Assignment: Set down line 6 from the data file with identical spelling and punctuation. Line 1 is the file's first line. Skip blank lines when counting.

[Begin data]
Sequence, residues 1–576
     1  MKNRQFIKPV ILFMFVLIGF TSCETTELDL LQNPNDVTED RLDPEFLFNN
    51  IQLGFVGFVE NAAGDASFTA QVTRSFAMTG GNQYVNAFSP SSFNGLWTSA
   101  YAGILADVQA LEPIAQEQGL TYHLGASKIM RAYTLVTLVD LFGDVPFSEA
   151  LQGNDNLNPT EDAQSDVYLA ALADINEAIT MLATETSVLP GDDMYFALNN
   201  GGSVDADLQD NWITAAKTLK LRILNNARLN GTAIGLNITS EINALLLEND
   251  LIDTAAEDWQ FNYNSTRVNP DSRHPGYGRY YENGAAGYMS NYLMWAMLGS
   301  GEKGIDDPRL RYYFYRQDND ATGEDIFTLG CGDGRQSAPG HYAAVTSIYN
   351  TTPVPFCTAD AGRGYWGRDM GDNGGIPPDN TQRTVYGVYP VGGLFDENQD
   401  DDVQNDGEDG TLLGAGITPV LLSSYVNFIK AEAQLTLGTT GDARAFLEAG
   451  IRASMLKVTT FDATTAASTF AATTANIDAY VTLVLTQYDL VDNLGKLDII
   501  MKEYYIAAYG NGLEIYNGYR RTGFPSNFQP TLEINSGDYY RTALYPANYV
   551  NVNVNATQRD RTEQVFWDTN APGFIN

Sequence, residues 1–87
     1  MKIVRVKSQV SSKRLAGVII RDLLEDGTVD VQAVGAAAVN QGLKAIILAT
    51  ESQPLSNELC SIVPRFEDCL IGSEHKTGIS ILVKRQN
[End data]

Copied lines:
   201  GGSVDADLQD NWITAAKTLK LRILNNARLN GTAIGLNITS EINALLLEND